Jan 31, 2022
Business
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6
 min read

Banging My Head Against The Coin Laundry Market

As I analyze markets and industries from an investment perspective, I like to track my thoughts and learnings to ensure I get better at understanding different opportunities. For the last five years, I've been looking at laundromats around the SF Bay Area. I haven't bought any yet and I'm starting to wonder if I ever will. I hope you enjoy and get value out of my countless hours spent counting coins.

Overall Thoughts:

The minimal need for staff oversight led me to begin my initial research on Laundromats. Apart from a part time janitorial service and a handyman on call, there’s limited need to have others involved in this business. Many people spend 3-5 hours a week running these businesses which makes them attractive for operators with other full time jobs. Because of this, I spent my time thinking about traditional laundromats without any delivery services or other add-ons. One of my favorite things about Laundromats is the natural geographic monopoly that often occurs in this market. Due to the high start-up costs, it rarely makes sense for a new entrant to come into a market to compete with you. The market size is typically fixed (and declining in gentrifying neighborhoods) so you don’t often see irrational competition by an entrant focused on capturing the future growth.

Margin Structure: This comes from a variety of sources who run laundromats and actually have to be honest.

 

 

Challenges / Important Factors to Research:

  1. Location, Location, Location: The location of your laundromat is everything. Your demand is 100% driven by where your laundromat is located and this is something you cannot change. It’s possible to slightly increase business through advertising, etc, but this will only drive a 5-10% revenue increase at most. When looking at laundromats, you should examine the demographics of the area (use common sense or public data) to understand income levels, likelihood of people needing washing machines and any changes in the neighborhood that are expected over the next 5-10 years. Gentrification is happening quickly in a lot of cities which can dampen the returns on your laundromat. You also want to observe competitors in the area that have the potential to take your business. How busy are they? Are they clean? Would you prefer that location over the one you’re buying?
  2. Utility Costs: Apart from maintenance on the machines, electricity and water are your largest variable expenses. These variable expenses are 100% out of your control which makes it a hard business to forecast and predict. In the last few years in San Francisco, the city has increased water costs by 10-15% twice. No owner wants to deal with a 30% increase in operating costs.
  3. Difficulty in underwriting: Because of the historical cash nature of this industry, accounting is terrible. Most owners are underreporting income and over-reporting expenses. The broker will often tell you this during early discussions, but it makes it nearly impossible to understand the financial picture of the business. I’ve found two ways of overcoming this: 1) Just underwrite the business based on the information they’ve provided. Hell, it’s kinda what they deserve after skimming the profits for so many years. 2) Ask for a video tape of the location or visit the location and make usage estimates based on observations. This is a time-intensive activity, and one I would recommend outsourcing if you have the financial means to make it happen. Another common method is determining the water usage per wash and then building a revenue model based on their water bill. Anyway you look at it, underwriting these businesses is hard. It often becomes harder as brokers can be shady and there is often a language barrier involved.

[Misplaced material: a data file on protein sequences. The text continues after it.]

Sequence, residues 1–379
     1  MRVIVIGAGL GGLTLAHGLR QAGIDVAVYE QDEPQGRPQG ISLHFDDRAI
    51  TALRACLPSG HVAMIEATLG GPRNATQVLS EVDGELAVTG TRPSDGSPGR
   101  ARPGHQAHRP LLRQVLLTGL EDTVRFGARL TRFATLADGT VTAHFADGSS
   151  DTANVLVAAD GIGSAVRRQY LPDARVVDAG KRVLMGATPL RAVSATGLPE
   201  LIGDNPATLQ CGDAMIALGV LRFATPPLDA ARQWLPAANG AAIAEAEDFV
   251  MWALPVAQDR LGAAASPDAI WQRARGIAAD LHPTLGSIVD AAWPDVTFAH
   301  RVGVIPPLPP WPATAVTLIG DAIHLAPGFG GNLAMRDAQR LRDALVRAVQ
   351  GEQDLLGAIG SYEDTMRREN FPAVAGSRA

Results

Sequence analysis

4. Leases: Given the importance of lease terms on the financial profile of the investment (see above), it’s crucial to have favorable lease terms and have a good relationship with the landlord. I typically look for lease terms out ~10 years with built in extensions for 5 or 10 years. This provides a long-enough lead time that you can model these costs in and underwrite to a strong return. Also, always ask to meet the landlord face to face. This only serves to help.
  5. Rare, but Large Operational Headaches: One of the major advantages of this business model is the limited operational involvement. Apart from occasional maintenance issues that can be solved by external support, it’s a good opportunity for investors / owners who have other jobs. This is true 99.9% of the time, but in certain instances, there can be horror stories. Depending on the neighborhood, there can be homeless people trying to live in the location that need to be removed, crimes in the location, and people trying to steal things from the store. While most of this liability is resolved through having a security and video system, it still requires someone to deal with it.
  6. Machines: Having to replace machines can destroy a business and your returns from owning a business. It’s essential to get an independent maintenance review of the machines prior to purchasing a location so you can forecast if any machines will need to be replaced during your ownership period. New and used machines can be expensive, but many retailers offer financing services which lower the upfront cost of the machines.

 

Strengths / Value Creation Opportunities: 

  1. Conversion from coins to credit cards: Many older laundromats still operate on coin-based systems. While good if you’re trying to avoid taxes (which I don’t advise), it’s a pain to operate these systems. You need to physically collect and count the coins and if you have employees handle this, there is always the risk of employee theft. In addition, a coin based system requires a bill to coin conversion machine since no one likes to carry around 100 quarters when doing laundry. These machines often break and require lots of trips to the bank. Moral of the story is that it’s a pain in the ass. You can replace these coin based systems with a system that accepts credit and debit cards at the machine and flows into an online platform that deposits the revenue and allows you to track the amount of business that your location is doing. This massively reduces the overall operational headache of owning the laundromat.